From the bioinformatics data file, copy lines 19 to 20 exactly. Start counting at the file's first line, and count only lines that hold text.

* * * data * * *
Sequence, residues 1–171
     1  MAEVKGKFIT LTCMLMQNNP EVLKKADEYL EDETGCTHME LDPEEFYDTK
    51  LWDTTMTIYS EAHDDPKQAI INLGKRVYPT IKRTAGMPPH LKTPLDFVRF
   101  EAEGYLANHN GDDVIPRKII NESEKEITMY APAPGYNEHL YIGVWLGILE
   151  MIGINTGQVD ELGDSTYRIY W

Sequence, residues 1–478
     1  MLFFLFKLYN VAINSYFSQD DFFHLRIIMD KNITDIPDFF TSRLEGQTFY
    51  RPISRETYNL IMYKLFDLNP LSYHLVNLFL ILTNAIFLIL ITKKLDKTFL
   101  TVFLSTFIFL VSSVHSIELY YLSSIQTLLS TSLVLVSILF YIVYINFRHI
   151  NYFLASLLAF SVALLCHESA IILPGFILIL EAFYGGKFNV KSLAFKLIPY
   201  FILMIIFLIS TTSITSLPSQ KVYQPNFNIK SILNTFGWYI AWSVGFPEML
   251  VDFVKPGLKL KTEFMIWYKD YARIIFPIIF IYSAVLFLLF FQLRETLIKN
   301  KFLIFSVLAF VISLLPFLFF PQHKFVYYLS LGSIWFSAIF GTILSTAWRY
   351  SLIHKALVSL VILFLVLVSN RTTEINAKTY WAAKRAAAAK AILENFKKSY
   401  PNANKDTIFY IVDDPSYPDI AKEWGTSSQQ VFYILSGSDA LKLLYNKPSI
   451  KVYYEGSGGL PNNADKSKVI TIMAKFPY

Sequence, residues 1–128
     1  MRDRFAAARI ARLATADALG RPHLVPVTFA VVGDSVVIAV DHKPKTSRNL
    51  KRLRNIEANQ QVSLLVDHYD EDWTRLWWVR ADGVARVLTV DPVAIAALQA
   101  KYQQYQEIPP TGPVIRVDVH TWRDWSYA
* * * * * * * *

    51  KRLRNIEANQ QVSLLVDHYD EDWTRLWWVR ADGVARVLTV DPVAIAALQA
   101  KYQQYQEIPP TGPVIRVDVH TWRDWSYA